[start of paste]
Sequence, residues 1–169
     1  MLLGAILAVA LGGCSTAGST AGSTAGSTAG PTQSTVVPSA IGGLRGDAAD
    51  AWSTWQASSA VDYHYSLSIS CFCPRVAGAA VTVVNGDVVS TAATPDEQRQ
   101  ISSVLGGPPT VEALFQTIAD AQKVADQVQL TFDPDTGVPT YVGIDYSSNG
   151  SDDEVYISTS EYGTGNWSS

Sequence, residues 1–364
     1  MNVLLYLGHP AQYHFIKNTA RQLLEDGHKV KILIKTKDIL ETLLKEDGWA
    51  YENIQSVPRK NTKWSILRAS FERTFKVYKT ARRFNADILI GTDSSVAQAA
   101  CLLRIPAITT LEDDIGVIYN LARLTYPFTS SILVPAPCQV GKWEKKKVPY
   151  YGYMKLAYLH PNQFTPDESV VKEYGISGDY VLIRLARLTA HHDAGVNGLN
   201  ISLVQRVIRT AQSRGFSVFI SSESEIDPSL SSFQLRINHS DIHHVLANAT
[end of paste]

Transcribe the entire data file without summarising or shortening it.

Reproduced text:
Sequence, residues 1–169
     1  MLLGAILAVA LGGCSTAGST AGSTAGSTAG PTQSTVVPSA IGGLRGDAAD
    51  AWSTWQASSA VDYHYSLSIS CFCPRVAGAA VTVVNGDVVS TAATPDEQRQ
   101  ISSVLGGPPT VEALFQTIAD AQKVADQVQL TFDPDTGVPT YVGIDYSSNG
   151  SDDEVYISTS EYGTGNWSS

Sequence, residues 1–364
     1  MNVLLYLGHP AQYHFIKNTA RQLLEDGHKV KILIKTKDIL ETLLKEDGWA
    51  YENIQSVPRK NTKWSILRAS FERTFKVYKT ARRFNADILI GTDSSVAQAA
   101  CLLRIPAITT LEDDIGVIYN LARLTYPFTS SILVPAPCQV GKWEKKKVPY
   151  YGYMKLAYLH PNQFTPDESV VKEYGISGDY VLIRLARLTA HHDAGVNGLN
   201  ISLVQRVIRT AQSRGFSVFI SSESEIDPSL SSFQLRINHS DIHHVLANAT